Iraq’s president, Barham Salih, spoke to the pontiff and the people in a moving speech that hit the perfect balance between acknowledging the pain and trauma the country has been through, which has a religious dimension to it, and inspiring Iraqis to recapture the pride of their past to build a better future. Salih reminded Iraqis of their long experience of multiculturalism and tolerance, of Muslim soldiers and citizens guarding Christian churches when threatened by violent extremists and returning a cross to a church in Mosul after the desecration by ISIS. He called the Christians of Iraq the “indigenous people of this land and its salt,…integral to building our societies.” He expressed hope that Iraq’s Christian emigres and refugees would consider returning, to heal the country and move beyond the tragedies of the past. And he called on all Iraqis to reject extremism practiced in the name of religion.
Salih, whom I have known since his days representing the Patriotic Union of Kurdistan in the 1990s, has always been a visionary and reformer. He has often had his eyes on the horizon, dreaming of a more modern Iraq, at the cost of being out of step with a political system still focused on short-term expediency and lubricated by patronage and corruption. This was true when he was prime minister of the Kurdish Regional Government from 2009-2012, representing the more progressive of the two main Kurdish parties, and when he challenged the established system and presented himself as candidate for the presidency in 2018.
The presidency is not the most powerful position in the country, but Salih’s optimism and enthusiasm for Iraq’s future can help move Iraqis on from the frustrations and cynicism about democracy that have dominated the national mood in recent years. Sustained protests around the country since October 2019 over Baghdad’s failures have not spared Salih. Many young Iraqis want to tear down the whole system and start all over again.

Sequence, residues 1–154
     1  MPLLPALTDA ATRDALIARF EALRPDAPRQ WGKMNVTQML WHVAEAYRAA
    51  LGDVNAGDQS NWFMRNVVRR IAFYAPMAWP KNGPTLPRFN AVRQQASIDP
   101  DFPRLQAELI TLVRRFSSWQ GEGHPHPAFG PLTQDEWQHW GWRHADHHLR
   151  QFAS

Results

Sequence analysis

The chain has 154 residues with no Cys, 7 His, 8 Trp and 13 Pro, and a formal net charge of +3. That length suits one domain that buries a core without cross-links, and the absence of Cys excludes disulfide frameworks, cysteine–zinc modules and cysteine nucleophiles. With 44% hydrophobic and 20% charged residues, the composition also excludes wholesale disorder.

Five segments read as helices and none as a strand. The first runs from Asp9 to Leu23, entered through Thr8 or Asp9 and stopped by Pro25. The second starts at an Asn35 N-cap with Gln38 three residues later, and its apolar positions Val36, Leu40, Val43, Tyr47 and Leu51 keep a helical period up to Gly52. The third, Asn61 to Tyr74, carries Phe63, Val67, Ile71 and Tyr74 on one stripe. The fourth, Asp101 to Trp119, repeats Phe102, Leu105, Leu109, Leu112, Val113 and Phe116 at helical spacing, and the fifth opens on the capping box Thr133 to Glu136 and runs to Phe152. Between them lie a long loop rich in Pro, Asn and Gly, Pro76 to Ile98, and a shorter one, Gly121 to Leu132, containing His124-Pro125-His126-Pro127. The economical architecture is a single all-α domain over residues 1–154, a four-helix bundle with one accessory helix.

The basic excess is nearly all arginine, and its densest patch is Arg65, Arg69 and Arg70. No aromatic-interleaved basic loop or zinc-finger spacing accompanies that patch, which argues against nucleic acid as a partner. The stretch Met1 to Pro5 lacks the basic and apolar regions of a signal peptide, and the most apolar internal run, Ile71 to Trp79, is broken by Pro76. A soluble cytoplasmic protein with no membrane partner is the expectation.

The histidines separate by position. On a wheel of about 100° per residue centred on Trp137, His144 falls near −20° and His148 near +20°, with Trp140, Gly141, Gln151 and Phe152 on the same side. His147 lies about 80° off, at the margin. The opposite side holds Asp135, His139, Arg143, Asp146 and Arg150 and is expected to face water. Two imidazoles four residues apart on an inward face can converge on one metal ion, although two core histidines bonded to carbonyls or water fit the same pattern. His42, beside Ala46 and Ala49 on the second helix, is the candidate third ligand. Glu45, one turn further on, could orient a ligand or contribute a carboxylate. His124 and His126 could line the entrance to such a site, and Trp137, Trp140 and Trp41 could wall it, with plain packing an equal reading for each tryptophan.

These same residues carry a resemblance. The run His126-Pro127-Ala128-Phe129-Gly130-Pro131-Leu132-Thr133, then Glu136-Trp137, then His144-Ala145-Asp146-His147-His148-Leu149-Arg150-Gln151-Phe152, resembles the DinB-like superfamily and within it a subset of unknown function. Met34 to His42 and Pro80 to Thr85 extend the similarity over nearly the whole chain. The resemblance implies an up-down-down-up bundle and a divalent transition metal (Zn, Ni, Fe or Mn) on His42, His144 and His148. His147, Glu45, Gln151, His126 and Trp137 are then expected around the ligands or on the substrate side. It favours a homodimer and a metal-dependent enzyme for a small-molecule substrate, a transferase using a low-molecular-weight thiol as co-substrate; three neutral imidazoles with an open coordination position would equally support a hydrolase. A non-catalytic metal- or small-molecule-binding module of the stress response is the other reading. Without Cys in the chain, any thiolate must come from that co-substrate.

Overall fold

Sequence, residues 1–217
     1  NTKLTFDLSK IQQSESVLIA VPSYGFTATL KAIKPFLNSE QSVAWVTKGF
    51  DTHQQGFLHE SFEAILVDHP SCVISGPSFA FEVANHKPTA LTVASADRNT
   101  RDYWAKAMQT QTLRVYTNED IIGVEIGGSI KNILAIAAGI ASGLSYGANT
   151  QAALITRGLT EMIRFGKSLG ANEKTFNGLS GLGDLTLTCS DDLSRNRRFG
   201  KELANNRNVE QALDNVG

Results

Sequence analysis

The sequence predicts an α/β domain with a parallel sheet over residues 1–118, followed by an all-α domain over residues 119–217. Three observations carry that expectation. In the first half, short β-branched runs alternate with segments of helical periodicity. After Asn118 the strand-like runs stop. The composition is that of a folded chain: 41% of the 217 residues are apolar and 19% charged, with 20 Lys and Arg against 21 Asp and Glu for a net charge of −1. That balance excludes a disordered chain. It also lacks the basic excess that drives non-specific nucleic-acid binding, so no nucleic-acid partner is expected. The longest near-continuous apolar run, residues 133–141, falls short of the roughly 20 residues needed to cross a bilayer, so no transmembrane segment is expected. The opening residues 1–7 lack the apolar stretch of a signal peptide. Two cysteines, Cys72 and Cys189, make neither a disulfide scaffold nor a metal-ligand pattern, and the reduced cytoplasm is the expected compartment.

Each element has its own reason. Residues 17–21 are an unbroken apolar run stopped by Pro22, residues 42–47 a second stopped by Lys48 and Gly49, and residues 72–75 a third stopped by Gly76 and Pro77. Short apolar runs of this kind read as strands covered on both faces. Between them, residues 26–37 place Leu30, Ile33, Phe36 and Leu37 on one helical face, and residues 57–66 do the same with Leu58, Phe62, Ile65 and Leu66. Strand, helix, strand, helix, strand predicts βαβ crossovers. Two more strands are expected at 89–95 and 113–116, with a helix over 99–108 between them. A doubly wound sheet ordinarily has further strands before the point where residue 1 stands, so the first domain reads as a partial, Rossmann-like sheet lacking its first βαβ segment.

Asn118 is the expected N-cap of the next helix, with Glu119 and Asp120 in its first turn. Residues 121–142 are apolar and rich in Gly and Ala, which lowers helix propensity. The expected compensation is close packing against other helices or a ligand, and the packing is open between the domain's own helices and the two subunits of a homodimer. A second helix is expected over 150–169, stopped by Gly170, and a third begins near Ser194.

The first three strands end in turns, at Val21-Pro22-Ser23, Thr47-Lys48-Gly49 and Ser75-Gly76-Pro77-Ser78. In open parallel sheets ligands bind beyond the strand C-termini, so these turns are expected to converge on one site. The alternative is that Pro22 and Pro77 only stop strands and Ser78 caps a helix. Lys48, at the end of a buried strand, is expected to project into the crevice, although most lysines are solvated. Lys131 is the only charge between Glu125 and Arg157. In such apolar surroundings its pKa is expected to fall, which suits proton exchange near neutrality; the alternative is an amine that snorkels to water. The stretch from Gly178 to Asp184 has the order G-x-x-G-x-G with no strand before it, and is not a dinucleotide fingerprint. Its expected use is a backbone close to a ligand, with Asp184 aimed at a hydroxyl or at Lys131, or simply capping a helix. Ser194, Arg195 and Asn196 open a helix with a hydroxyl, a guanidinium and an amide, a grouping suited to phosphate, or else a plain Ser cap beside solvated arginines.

The Pope’s visit has provided a special opportunity to think big and to reconnect with Iraq’s history and identity. President Salih has acknowledged that “Iraqis deserve more than they have at present.” Iraq and the Vatican will work on new interfaith initiatives that will highlight Iraq’s contributions to world heritage.
This focus on religious tolerance and humanitarian work to help beleaguered Iraqi communities – Christians and Yazidis in particular – will not resolve the daunting problems facing the country. But it provides a welcome respite from the years of struggle to bring security and prosperity to a country brutalized by dictatorship, the US invasion, civil war and sectarian violence. It has been a heavy burden on Iraqis, lightened a bit this week by some cross-cultural magic.
Ellen Laipson, a former vice chair of the US’s National Intelligence Council, is currently director of the international security program at the Schar School of Policy and Government at George Mason University in Virginia. She is a former president and CEO of the Stimson Center in Washington.